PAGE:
India is the _______biggest emitter of greenhouse gases.
WHY IN NEWS?
On November 1, 2021, at COP26 climate summit, Prime Minister Narendra Modi announced 2070 as the India’s target to reach net zero carbon emissions.
- India’s announcement came as a surprise to delegates in Glasgow, as India had rejected calls to announce such target recently.
- US, UK & Japan have net zero target by 2050; EU by 2060; Saudi Arabia, China & Russia by 2070.
What is net-zero target?
A net-zero target is defined as date by which a country will only emit carbon dioxide or other greenhouse gases that can be absorbed by forests, soil, crops, and developing technologies such as carbon capture technology.
Which are the top Greenhouse Gas Emitters?
China, United States, India and Russia are the top greenhouse gas emitters. India is the third-biggest emitter of greenhouse gases and is among the countries which are most vulnerable to the effects of climate change. As per Global Climate Risk Index 2021, India is the seventh-most affected nation by extreme weather events.
India’s goal towards net-zero emissions
India’s goal to achieve net-zero emissions by 2070 is far-fetched. Thus, to support this goal, four other aggressive pledges were made. These targets are:
- 50% of power will come from renewables by 2030.
- 500 GW of installed renewable energy capacity will be reached by 2030.
- Reduction in carbon intensity by 45% by 2030.
- Reduction in projected total carbon emissions by 1 billion tonnes by 2030.
- India further seeks to reduce its projected total carbon emissions by 1 billion tonnes by the end of the decade.
The Dadanite and Lihyanite civilisations were associated with which region?
WHY IN NEWS?
Kingdom of Saudi Arabia is set to excavate ‘five kingdoms’ related to Dadanite and Lihyanite civilisations.
- Excavation will be done by a team of French and Saudi Archaeologists.
- They will excavate five nearby sites related to Dadanite and Lihyanite civilisations. Both of the civilisations were important regional powers, some 2000 years ago.
- Kingdoms were spanning roughly 900 years until 100 CE. They controlled vital trade routes however, little is known about them.
In the year 2019, Saudi Arabia opened a flagship tourist destination called Al Ula. It is a 2000-year-old city that have been carved into rocks by the Nabateans. It is known for majestic tombs of Madain Saleh. They were pre-Islamic Arab people and they built Petra in Jordan.
About Madain Saleh
Madain Saleh is also called as Hegra. It is an archaeological site situated in the area of Al-‘Ula in the Medina Province of Hejaz, Saudi Arabia. Majority of the remains belong to Nabataean Kingdom that existed during 1st century AD. This site is the southernmost settlement of Saudi Arabia. It is the second largest city after Petra. On this site, traces of Lihyanite and Roman occupation can also be found.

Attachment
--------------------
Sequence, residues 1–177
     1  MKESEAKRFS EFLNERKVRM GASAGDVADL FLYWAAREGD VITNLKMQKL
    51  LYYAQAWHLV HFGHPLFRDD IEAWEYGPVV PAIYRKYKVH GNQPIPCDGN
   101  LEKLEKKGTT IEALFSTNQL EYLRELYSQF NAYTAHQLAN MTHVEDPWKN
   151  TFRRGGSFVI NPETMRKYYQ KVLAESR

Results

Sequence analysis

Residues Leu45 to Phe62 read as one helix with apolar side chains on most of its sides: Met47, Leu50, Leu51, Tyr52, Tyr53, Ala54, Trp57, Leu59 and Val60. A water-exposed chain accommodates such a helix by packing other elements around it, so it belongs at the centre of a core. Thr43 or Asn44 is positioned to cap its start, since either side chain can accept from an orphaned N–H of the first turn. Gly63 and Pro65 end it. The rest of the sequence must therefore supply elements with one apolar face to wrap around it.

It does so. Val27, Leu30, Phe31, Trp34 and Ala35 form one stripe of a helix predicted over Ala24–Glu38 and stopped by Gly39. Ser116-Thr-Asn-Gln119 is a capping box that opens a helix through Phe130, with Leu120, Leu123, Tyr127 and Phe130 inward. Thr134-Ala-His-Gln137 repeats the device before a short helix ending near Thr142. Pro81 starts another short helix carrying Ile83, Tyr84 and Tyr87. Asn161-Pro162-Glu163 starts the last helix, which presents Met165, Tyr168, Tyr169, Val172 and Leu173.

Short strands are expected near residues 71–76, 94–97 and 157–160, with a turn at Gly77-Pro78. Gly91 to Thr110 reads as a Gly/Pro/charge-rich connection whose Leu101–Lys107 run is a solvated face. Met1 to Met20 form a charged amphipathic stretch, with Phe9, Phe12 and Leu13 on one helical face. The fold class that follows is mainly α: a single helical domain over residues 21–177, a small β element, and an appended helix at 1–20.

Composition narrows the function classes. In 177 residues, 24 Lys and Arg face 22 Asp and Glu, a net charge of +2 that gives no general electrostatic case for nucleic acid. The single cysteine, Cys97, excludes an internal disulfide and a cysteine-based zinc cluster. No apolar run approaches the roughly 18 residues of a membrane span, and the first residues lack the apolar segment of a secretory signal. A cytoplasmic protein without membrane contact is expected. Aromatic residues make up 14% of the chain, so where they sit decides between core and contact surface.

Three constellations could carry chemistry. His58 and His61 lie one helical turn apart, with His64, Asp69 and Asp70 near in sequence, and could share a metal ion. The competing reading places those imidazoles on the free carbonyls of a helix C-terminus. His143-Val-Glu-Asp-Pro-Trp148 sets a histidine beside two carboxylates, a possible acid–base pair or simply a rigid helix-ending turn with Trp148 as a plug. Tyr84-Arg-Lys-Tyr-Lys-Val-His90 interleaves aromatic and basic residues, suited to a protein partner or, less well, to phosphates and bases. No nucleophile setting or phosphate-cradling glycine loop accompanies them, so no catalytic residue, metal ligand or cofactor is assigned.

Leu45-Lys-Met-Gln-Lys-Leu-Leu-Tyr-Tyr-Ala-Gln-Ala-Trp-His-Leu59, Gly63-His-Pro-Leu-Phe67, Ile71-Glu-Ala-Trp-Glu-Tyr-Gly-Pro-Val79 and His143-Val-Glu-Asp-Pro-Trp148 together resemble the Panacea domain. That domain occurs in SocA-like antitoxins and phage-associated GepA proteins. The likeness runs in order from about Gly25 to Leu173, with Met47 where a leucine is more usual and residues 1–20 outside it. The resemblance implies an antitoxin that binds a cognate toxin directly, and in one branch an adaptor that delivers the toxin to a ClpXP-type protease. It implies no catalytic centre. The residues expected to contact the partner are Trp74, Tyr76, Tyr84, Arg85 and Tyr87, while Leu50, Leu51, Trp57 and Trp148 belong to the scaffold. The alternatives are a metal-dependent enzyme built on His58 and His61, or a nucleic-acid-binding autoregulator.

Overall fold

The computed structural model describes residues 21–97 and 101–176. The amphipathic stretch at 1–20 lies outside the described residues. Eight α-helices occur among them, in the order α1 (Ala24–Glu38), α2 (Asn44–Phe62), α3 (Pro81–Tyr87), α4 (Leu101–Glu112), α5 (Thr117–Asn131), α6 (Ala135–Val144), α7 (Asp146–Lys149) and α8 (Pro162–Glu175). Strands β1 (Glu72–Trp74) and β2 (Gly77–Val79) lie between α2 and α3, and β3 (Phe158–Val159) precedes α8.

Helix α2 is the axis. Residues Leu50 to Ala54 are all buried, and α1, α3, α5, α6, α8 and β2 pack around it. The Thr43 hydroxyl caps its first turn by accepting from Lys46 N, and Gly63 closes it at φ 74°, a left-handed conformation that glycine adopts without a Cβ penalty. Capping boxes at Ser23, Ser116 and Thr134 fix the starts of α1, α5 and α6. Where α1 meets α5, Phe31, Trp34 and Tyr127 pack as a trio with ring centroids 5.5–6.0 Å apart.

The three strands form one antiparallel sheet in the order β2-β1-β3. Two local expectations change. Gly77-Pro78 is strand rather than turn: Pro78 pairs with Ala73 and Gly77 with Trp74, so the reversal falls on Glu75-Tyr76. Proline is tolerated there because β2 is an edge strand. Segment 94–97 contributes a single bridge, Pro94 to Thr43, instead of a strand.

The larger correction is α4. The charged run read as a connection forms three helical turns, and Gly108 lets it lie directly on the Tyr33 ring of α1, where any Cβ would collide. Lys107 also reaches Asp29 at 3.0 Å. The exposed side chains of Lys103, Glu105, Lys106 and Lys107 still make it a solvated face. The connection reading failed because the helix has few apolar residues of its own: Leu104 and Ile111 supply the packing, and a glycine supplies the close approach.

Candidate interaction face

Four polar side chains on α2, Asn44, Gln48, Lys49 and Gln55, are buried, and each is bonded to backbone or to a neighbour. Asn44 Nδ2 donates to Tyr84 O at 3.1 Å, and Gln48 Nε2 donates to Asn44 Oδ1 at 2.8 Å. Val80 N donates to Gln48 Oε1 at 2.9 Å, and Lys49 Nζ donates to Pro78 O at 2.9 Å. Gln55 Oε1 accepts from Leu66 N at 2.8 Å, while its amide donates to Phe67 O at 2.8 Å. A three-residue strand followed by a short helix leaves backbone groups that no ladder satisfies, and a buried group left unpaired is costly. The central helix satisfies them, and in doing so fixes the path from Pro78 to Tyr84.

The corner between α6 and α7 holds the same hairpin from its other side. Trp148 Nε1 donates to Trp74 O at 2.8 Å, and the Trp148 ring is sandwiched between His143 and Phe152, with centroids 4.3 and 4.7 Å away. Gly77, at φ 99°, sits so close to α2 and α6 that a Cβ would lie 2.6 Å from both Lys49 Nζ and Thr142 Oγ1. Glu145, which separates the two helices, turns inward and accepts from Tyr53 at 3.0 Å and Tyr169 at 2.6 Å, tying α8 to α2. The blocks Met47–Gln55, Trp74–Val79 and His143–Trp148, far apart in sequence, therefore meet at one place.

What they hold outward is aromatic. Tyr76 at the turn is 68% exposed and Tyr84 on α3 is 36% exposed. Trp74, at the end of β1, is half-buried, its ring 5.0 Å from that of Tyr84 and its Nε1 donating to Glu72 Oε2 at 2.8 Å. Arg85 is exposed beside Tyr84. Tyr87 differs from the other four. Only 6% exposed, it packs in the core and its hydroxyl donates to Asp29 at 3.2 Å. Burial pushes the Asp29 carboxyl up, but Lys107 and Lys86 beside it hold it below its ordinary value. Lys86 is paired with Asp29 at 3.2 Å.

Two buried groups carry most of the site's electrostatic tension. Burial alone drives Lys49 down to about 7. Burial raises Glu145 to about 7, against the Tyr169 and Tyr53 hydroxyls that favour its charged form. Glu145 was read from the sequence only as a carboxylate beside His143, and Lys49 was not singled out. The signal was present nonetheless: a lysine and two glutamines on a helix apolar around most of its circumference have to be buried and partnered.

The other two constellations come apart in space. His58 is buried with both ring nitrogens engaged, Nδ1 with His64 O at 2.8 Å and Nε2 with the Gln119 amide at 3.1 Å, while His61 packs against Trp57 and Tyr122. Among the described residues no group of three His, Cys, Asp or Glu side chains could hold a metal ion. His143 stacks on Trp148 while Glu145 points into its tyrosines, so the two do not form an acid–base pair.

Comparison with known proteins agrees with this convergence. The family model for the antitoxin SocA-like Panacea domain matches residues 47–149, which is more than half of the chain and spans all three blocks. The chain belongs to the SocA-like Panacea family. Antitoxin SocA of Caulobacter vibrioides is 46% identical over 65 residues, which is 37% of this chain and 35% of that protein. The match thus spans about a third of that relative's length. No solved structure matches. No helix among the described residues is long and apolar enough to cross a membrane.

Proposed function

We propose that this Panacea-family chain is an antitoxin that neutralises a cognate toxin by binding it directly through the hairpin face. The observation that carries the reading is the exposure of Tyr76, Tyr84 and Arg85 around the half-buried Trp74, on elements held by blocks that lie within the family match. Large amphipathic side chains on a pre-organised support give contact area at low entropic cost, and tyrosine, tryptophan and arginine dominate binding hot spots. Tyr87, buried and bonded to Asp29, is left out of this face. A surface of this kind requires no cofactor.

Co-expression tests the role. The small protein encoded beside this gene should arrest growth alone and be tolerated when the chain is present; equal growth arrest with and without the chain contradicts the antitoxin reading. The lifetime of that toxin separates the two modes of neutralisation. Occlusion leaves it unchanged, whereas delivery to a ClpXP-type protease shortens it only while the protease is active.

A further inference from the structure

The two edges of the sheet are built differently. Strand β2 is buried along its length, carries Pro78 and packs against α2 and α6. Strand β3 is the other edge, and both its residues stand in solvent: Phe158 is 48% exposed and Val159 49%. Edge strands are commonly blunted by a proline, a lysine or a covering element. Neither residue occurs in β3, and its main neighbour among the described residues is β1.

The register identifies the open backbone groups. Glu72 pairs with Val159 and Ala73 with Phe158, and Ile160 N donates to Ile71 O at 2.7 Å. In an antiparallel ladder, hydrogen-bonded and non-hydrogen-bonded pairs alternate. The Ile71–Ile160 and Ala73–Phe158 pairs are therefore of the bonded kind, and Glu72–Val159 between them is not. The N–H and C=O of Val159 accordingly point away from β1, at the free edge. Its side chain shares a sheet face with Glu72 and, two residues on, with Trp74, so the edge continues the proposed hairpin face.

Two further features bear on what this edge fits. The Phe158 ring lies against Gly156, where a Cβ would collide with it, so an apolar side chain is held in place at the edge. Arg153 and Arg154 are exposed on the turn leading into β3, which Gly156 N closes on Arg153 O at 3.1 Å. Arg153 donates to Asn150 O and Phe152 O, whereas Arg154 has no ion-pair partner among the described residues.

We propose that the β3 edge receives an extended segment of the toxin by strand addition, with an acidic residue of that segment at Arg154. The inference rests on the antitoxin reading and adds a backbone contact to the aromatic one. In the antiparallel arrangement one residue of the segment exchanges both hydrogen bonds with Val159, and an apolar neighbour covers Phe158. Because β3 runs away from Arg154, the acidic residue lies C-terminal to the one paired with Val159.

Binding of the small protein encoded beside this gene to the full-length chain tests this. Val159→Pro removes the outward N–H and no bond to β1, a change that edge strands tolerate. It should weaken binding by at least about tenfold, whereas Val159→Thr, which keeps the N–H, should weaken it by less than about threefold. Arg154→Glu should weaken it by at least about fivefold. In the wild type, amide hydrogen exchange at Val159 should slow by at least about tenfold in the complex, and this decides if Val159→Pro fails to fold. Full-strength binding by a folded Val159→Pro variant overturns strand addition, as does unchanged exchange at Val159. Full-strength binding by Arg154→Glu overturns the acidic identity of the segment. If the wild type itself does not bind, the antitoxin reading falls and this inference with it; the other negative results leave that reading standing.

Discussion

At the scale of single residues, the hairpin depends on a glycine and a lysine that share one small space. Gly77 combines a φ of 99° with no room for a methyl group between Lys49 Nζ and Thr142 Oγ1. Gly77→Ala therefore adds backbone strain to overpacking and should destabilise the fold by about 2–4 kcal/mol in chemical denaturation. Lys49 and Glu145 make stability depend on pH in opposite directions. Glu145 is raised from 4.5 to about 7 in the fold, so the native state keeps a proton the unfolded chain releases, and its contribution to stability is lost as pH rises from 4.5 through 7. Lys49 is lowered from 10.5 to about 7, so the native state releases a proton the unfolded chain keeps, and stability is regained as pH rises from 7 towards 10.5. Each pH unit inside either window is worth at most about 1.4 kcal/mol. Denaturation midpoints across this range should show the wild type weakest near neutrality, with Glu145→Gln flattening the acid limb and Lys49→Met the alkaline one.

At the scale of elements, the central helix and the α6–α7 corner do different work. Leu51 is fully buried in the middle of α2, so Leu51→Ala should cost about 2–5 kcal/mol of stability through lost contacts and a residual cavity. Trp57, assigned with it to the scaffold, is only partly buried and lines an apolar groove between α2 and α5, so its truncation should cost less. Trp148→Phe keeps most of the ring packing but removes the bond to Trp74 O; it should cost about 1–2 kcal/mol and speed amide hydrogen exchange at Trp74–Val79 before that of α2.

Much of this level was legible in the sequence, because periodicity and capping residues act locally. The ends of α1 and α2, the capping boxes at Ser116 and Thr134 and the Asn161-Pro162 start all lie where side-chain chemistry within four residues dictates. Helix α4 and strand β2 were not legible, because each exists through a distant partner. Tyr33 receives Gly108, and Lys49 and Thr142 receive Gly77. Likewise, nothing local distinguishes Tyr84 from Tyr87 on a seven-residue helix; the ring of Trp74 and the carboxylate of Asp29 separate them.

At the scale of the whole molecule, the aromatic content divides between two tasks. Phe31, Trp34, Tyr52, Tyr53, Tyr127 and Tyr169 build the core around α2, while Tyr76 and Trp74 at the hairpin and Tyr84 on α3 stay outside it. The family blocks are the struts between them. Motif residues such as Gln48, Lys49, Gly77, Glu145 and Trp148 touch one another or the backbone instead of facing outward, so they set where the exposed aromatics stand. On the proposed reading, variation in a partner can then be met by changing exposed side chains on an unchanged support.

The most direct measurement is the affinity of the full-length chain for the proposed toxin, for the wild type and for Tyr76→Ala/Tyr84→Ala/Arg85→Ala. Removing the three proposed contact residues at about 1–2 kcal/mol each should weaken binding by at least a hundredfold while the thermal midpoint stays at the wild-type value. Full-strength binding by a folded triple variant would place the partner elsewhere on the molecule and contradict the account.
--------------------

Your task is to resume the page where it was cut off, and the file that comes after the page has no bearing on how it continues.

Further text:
Is the site in UNESCO list?
UNESCO proclaimed Mada’in Saleh as a site of patrimony in the year 2008. Thus, this site is the first World Heritage Site of Saudi Arabia. It was selected for its well-preserved remains from late antiquity, like 131 monumental rock-cut tombs, with their ornamented facades.
Who built Mada’in Salih?
Extensive settlement of the Madain Saleh took place during the 1st century AD, after it came under the rule of the Nabatean king Aretas IV Philopatris (Al-Harith IV). He made Mada’in Saleh the second capital of Saudi Arabia, after Petra.
Consider the following statements about Ganges river Dolphin: 1. Its scientific name is Platanista gangetica gangetica. 2. It can only live in freshwater and is essentially blind 3. It is an indicator species. Which of the above statements are correct?
WHY IN NEWS?
Recently, the Ministry of Jal Shakti released a guide for the safe rescue and release of stranded Ganges River Dolphins.
- The document has been prepared by the Turtle Survival Alliance and the Environment, Forest and Climate Change Department (EFCCD) of the Uttar Pradesh Government.
- It was recognised as the National Aquatic Animal in 2009, by the Government of India.
- Scientific Name:Platanista gangetica gangetica.
- Discovery: It was officially discovered in 1801.
- Habitat: They live in the Ganges-Brahmaputra-Meghna and Karnaphuli-Sangu river systems of Nepal, India, and Bangladesh.
- The Ganges river dolphin can only live in freshwater and is essentially blind.